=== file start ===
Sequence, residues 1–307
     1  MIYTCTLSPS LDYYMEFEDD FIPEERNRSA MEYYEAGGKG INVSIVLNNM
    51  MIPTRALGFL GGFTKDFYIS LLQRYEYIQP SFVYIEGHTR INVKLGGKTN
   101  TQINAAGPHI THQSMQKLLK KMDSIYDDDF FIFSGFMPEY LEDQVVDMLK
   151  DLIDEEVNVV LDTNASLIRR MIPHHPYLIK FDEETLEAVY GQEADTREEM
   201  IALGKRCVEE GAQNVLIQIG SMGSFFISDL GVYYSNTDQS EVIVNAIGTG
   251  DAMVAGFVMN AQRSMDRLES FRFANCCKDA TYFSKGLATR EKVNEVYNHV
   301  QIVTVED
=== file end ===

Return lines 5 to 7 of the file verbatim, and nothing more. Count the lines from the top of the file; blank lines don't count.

   151  DLIDEEVNVV LDTNASLIRR MIPHHPYLIK FDEETLEAVY GQEADTREEM
   201  IALGKRCVEE GAQNVLIQIG SMGSFFISDL GVYYSNTDQS EVIVNAIGTG
   251  DAMVAGFVMN AQRSMDRLES FRFANCCKDA TYFSKGLATR EKVNEVYNHV